I shared the story of this patient to help my students understand the complexities of the intersection between social and medical problems. We wondered if increasing access to health care, which the Affordable Care Act (ACA) encourages through insurance coverage, would provide better solutions to problems that the homeless experience.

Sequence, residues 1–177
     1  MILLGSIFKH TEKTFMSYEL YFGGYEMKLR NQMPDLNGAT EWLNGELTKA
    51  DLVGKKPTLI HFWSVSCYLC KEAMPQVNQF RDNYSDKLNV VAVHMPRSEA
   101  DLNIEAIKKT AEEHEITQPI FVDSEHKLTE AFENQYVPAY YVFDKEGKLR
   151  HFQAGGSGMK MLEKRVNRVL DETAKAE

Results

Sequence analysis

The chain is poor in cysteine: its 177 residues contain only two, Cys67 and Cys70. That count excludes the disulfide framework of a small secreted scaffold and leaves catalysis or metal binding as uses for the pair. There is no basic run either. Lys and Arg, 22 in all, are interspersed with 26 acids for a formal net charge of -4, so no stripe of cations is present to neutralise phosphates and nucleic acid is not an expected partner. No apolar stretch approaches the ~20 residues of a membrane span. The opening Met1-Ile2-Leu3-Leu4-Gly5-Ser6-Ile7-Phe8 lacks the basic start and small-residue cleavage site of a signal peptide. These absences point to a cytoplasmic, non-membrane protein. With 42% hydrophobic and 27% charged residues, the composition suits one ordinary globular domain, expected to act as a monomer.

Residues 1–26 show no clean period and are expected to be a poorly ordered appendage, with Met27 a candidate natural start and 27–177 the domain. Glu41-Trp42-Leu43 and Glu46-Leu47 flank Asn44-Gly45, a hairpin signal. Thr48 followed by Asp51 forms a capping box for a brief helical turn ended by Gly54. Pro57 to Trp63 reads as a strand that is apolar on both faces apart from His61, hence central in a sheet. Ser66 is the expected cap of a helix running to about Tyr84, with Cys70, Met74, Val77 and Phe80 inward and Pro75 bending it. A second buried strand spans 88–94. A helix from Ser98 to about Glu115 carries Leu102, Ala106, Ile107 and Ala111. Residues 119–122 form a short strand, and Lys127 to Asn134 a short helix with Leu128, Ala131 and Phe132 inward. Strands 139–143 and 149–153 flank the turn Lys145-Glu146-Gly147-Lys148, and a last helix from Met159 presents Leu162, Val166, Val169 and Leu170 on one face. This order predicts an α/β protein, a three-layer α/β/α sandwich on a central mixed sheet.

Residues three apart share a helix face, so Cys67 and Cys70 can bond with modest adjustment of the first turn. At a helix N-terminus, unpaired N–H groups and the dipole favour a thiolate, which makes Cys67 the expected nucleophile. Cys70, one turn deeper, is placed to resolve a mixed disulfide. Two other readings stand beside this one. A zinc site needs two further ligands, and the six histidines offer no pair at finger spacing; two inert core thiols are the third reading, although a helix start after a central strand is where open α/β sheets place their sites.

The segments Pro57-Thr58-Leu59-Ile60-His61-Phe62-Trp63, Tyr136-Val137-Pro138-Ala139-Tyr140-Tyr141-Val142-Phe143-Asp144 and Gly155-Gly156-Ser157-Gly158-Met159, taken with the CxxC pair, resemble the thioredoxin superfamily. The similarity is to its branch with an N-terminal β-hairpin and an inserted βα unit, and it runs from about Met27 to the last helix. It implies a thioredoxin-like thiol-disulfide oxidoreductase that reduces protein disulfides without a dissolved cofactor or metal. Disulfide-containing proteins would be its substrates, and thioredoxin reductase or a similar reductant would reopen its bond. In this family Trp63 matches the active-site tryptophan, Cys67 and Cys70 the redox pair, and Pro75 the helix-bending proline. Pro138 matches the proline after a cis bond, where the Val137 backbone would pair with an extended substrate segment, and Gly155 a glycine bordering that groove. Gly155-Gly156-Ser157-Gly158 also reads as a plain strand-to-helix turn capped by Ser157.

The students did some research on the medical effects of homelessness for our next session. We learned that studies of homeless adults had documented the higher mortality of homeless adults compared with other adults in Toronto,1 Philadelphia,2 and Boston.3 Sadowski et al,4 in a randomized study of homeless chronically ill patients, found that interventions that provided housing and case management after hospital discharge had reduced subsequent hospitalizations and ED visits. Frankish et al5 discussed the public health and policy perspectives related to homelessness in Canada, a country whose health care system differs from the U.S. system, and found gaps in access to social support and medical care similar to those in the United States. While my students had great sympathy for the plight of the homeless, they wondered whether the provision of housing was a public responsibility or part of the health delivery system and how it might affect incentives for the patients to seek work. That discussion led to the larger question of the role of government in health care.